Language campaigners have accused the Government of "belittling Wales’ communities” in its new consultation on local taxes for second homes and self-catering accommodation.

The Government's consultation, published yesterday, considers a range of solutions to the crisis, including possible changes to local taxes to support local authorities in managing the impact of second homes and self-catered accommodation in their areas.

However, Cymdeithas yr Iaith, the Welsh Language Society, say the consultation document is "merely seeking views on open-ended questions, instead of setting out the clear, decisive and radical steps needed".

Cymdeithas has called on the Government to take meaningful action by putting a cap on the number of second and holiday homes in any community.

Chair of Cymdeithas yr Iaith's sustainable communities group, Elin Hywel, said: “It is disheartening to see the Welsh Government downplaying the effects of the housing crisis across Wales by limiting its definition of geographical impact and the victims of the crisis.

"Rather than being a topic of debate and discussion, the housing crisis is a real threat to the ability of thousands of Welsh citizens to set up home.

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“In its patronising claim that the crisis is 'provoking strong feelings', the Government's consultation document belittles Wales’ communities by downplaying the seriousness of the crisis.

"Ordinary people across Wales are feeling increasingly desperate and are begging their Government to protect them from the effects of the open market that is ruining their communities and their chances of getting a home.

"The housing crisis is not an abstract issue, but is rather an injustice that has a direct impact on all aspects of daily life.”

The society is currently organising campaigns and protests against the housing crisis in Wales, holding a rally at the Tryweryn dam and displaying banners atop three of the country's highest summits. 

The group has organised another rally, this time on the steps of the Senedd, for November 13.

After putting the housing crisis high on the agenda of its recent election campaign, Plaid Cymru has also called for more immediate action.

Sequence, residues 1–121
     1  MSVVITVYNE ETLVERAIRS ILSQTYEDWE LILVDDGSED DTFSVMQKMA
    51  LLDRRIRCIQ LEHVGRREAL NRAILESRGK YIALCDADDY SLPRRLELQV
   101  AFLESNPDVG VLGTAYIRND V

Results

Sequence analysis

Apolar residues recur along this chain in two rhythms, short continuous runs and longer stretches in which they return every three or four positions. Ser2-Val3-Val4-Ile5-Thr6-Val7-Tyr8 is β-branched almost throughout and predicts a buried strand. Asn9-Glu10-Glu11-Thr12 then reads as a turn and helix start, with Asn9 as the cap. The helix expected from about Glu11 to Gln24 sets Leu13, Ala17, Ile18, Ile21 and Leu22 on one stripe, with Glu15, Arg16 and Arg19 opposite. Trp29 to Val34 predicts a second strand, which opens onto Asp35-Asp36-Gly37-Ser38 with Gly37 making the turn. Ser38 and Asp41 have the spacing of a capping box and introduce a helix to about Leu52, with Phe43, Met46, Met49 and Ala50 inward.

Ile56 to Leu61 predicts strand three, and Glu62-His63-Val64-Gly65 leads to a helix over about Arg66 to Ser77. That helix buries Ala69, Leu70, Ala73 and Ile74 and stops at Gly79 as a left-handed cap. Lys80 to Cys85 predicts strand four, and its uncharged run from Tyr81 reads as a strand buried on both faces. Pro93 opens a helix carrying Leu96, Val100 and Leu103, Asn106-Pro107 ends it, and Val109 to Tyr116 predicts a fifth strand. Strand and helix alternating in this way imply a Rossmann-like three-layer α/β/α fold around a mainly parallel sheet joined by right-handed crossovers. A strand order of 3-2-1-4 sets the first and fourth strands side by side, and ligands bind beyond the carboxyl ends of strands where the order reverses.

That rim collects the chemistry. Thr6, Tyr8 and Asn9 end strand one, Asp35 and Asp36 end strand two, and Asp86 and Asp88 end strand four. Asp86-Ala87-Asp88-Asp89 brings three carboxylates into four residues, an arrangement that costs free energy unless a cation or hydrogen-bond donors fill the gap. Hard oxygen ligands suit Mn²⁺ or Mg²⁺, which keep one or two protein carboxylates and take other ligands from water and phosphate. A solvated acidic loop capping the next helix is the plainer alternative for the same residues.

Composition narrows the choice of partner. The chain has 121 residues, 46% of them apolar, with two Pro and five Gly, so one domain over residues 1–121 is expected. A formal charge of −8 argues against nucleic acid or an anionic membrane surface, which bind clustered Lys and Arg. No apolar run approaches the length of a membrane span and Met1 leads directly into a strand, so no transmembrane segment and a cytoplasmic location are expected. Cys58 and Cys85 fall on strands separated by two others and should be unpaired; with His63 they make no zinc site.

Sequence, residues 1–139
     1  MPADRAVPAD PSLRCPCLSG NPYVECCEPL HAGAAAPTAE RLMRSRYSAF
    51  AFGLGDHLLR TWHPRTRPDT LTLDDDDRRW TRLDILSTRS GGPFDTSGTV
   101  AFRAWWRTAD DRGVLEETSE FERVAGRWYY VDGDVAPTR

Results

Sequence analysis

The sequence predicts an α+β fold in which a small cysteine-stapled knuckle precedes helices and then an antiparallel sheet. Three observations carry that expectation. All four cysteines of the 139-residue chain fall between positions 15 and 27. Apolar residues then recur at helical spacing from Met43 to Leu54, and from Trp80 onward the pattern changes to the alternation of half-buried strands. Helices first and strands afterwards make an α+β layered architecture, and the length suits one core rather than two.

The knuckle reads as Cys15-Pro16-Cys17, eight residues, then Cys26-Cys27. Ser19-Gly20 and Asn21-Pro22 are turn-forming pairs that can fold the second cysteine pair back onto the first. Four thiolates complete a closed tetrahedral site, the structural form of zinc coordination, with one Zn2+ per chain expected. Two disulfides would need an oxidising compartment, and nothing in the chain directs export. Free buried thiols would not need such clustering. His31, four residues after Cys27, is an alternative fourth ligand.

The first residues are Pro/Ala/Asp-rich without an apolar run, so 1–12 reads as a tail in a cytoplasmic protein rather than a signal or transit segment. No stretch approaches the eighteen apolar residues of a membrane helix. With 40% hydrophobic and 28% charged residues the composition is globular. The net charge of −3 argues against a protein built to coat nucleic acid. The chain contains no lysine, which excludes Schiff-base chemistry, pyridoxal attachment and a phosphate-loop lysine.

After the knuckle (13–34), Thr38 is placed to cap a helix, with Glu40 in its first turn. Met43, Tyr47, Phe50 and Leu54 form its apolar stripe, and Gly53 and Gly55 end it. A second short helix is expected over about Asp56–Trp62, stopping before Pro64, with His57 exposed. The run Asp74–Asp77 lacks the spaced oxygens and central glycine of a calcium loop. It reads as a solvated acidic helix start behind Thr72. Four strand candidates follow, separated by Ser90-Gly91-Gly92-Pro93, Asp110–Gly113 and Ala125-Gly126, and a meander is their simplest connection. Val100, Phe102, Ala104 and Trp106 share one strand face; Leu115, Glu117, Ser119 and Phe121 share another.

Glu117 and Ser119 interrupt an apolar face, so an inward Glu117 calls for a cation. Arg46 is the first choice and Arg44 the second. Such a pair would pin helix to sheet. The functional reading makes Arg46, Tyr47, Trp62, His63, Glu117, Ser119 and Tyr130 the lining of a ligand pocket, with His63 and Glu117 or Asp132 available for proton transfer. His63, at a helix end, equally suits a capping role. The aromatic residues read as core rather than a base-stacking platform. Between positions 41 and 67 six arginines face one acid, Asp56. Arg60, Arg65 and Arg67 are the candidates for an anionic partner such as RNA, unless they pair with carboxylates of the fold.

Plaid Cymru's spokesperson for housing, Mabon ap Gwynfor said: “People are being priced out of their communities now and the crisis is worsening”.

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Plaid Cymru has previously demanded direct interventions to mitigate the housing crisis, including trebling the Land Transaction tax on purchases of second homes; changing planning laws to allow councils to impose a cap on the number of second homes; and closing the loophole that allows second homeowners to register their property as businesses in order to avoid paying the council tax premium.

Mr ap Gwynfor continued: “While the chance for communities to be heard via this consultation is, of course, welcome, my concern is that it masks the fact more immediate action could be taken now.

“For a start, the Welsh Government could act within existing legislation to create new classes of property so that short term lets and second homes could be accurately identified.

"In launching a consultation, the government has, at last, acknowledged there is a housing crisis but in failing to act where they can, they are allowing this crisis to get worse.

“Our communities should use this opportunity to have their voices heard, but the truth is that the Labour Government owes it to them to address the crisis with the seriousness and urgency it deserves - ensuring they can live and work in the area they call home before it’s too late.”

Launching the consultation, Welsh finance minister Rebecca Evans said: “We anticipate receiving a wide range of responses which will all inform our future policies on potential changes to local taxes so that we have a fairer system for everyone.”

The open consultation closes on 17 November 2021.

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